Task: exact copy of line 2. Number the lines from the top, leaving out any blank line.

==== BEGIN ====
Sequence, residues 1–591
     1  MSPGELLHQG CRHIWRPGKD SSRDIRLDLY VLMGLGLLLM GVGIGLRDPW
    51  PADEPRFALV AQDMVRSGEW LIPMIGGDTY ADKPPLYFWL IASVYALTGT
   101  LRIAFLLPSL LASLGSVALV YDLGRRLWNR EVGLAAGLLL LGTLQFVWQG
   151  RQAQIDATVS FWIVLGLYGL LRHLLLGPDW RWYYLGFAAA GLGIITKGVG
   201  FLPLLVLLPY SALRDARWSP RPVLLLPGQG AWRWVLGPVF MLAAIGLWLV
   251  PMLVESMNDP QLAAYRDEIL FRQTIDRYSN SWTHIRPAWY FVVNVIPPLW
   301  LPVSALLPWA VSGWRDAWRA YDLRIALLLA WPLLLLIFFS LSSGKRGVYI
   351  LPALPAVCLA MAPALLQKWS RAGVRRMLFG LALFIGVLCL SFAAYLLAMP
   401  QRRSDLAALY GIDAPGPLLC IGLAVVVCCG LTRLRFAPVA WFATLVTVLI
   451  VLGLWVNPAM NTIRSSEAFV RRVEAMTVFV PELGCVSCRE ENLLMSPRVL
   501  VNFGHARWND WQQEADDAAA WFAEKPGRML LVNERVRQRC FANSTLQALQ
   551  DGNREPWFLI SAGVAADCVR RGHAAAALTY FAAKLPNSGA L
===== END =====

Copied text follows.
     1  MSPGELLHQG CRHIWRPGKD SSRDIRLDLY VLMGLGLLLM GVGIGLRDPW